Monday, August 26, 2002

Car-crash film updated after 44 years

The Associated Press

        COLUMBUS - The crumpled fenders and crushed doors look the same, but the blood is now in color. After almost 45 years, the state has produced a new version of Signal 30, the movie of horrific car crashes that many teen drivers see before they get their licenses.

        The original Signal 30 - police radio code for a fatal crash - was produced in 1959 and became a staple of driver's education courses over the years.

        Like the updated version, it showed graphic images of real car crashes and the resulting carnage.

        Making a more modern film was never a priority, partly because demand for the movie remained high, said Ashley Ellis, a spokeswoman for the Department of Public Safety.

        The new version, being released Monday, holds little back and contains several bloody scenes of deaths and injuries from violent accidents.

        It starts with a punch: Kenneth Morckel, superintendent of the State Highway Patrol, tells viewers, “If you are between the ages of five and 34 years old, a motor vehicle crash is most likely the way you will die.”

        Perhaps the most moving part of the 18-minute video is an emotional interview at the end with Carrie Satterfield, whose twin sister Terri was killed in an April crash near Xenia.

        Portions of that crash are seen earlier, including footage of a devastated Carrie getting the news from a trooper.

        “It's really hard to get up in the morning to know that I'm not going to see her,” Ms. Satterfield says on-screen. “She was my best friend, she was everything to me, and she's gone.”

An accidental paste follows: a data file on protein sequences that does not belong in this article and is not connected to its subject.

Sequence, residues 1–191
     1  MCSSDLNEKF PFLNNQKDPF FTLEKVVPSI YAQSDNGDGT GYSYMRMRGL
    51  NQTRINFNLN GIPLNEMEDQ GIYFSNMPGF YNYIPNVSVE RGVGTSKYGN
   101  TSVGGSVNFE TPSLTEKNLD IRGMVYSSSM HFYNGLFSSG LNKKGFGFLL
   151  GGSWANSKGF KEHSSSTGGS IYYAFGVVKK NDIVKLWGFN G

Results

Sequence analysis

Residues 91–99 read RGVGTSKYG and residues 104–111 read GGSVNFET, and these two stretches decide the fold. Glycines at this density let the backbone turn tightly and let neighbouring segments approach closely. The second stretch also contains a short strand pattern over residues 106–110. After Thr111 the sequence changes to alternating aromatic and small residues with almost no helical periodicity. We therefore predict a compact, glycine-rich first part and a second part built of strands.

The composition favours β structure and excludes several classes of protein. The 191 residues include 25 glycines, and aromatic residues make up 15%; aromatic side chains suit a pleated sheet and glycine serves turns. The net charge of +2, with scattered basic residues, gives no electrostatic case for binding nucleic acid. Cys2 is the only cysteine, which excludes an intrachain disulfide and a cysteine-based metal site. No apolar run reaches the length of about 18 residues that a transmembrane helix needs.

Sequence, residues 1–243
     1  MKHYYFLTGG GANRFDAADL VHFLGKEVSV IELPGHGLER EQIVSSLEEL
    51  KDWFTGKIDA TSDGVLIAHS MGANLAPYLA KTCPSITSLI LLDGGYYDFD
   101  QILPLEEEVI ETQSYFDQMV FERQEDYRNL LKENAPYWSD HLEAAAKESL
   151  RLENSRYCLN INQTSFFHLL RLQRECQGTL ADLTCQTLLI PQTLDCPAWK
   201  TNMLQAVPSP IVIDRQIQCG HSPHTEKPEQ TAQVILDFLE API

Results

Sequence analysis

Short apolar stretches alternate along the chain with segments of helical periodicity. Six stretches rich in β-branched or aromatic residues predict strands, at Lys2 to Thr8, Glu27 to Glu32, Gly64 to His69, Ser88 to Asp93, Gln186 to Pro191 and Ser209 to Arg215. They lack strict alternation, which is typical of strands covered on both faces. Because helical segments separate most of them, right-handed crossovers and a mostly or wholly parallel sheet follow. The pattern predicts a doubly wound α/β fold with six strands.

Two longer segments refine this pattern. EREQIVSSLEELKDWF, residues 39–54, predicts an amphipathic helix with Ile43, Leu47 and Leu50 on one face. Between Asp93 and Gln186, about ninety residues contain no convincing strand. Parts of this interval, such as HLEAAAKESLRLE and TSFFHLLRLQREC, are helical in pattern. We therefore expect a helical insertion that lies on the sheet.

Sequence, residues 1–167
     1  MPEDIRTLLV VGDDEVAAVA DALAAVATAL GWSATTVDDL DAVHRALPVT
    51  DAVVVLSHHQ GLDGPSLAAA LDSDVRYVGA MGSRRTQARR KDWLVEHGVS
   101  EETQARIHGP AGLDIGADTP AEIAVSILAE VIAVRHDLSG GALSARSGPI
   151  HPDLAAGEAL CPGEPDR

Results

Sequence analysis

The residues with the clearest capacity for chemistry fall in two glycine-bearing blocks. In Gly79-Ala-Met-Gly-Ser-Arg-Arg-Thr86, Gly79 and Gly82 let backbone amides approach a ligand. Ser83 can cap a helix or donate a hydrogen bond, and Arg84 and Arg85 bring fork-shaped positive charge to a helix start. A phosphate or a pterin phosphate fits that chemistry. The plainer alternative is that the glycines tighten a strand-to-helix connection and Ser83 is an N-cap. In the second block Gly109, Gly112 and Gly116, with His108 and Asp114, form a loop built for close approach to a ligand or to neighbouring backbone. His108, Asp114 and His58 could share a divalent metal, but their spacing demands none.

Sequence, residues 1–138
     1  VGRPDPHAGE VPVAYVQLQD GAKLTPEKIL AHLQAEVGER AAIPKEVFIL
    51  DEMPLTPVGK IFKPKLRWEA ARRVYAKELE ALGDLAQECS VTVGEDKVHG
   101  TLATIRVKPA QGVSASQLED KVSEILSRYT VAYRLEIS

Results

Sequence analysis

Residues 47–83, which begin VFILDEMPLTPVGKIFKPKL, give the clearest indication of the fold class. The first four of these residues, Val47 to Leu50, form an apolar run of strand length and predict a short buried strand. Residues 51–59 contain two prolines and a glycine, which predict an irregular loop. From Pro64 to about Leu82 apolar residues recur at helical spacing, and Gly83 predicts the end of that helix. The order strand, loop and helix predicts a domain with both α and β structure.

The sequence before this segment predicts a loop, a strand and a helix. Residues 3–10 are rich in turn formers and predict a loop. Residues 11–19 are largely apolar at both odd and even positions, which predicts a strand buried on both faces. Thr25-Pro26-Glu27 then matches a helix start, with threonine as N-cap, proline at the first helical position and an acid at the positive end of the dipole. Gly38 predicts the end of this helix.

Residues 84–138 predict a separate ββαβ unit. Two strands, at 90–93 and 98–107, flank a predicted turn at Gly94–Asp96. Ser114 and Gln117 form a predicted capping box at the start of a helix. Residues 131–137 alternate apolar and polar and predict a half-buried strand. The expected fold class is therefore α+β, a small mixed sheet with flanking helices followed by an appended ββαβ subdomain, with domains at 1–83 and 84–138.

Driving class instructor Sharon Gaston watched the original film when she was a teenager and uses it in her classes today. The update is overdue, she said.

        “It doesn't really get the message across,” said Ms. Gaston, 40, owner of First Class Driving Academy in Mount Vernon.

        “All the kids focus on how old the cars are, and everybody's clothing and hairstyles,” she said. “They're not really looking as if it was happening today.”

        Deaths of drivers aged 16-20 have stayed about steady, with 211 in 1997 and 202 last year, Public Safety Department statistics show.

        But crash injuries among the same group have dropped sharply, from 39,418 in 1997 to 24,867 last year.

        Lt. Gov. Maureen O'Connor attributes that to an increased emphasis statewide on using seat belts and slowing down.

        “So it's not just saving lives, although that is a critical part of the mission, but it's reducing injuries as well,” said Ms. O'Connor, Public Safety Department director.

        The free video, which cost the state about $2,000, is being sent to driving schools, high schools, courts, community groups and others starting Monday.

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